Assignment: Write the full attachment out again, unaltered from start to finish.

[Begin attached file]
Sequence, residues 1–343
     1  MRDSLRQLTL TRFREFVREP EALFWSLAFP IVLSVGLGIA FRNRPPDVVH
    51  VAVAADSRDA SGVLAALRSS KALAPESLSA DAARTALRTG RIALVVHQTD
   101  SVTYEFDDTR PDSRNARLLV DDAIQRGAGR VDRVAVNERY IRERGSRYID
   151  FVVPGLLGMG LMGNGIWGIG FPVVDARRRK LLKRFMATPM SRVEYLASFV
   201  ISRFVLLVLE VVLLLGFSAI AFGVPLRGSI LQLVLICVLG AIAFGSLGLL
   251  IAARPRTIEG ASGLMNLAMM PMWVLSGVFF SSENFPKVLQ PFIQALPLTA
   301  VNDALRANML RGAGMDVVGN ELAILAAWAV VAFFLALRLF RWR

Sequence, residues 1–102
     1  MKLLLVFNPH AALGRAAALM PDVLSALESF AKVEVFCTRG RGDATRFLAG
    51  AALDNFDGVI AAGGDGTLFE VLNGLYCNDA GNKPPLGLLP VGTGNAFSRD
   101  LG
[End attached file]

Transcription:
Sequence, residues 1–343
     1  MRDSLRQLTL TRFREFVREP EALFWSLAFP IVLSVGLGIA FRNRPPDVVH
    51  VAVAADSRDA SGVLAALRSS KALAPESLSA DAARTALRTG RIALVVHQTD
   101  SVTYEFDDTR PDSRNARLLV DDAIQRGAGR VDRVAVNERY IRERGSRYID
   151  FVVPGLLGMG LMGNGIWGIG FPVVDARRRK LLKRFMATPM SRVEYLASFV
   201  ISRFVLLVLE VVLLLGFSAI AFGVPLRGSI LQLVLICVLG AIAFGSLGLL
   251  IAARPRTIEG ASGLMNLAMM PMWVLSGVFF SSENFPKVLQ PFIQALPLTA
   301  VNDALRANML RGAGMDVVGN ELAILAAWAV VAFFLALRLF RWR

Sequence, residues 1–102
     1  MKLLLVFNPH AALGRAAALM PDVLSALESF AKVEVFCTRG RGDATRFLAG
    51  AALDNFDGVI AAGGDGTLFE VLNGLYCNDA GNKPPLGLLP VGTGNAFSRD
   101  LG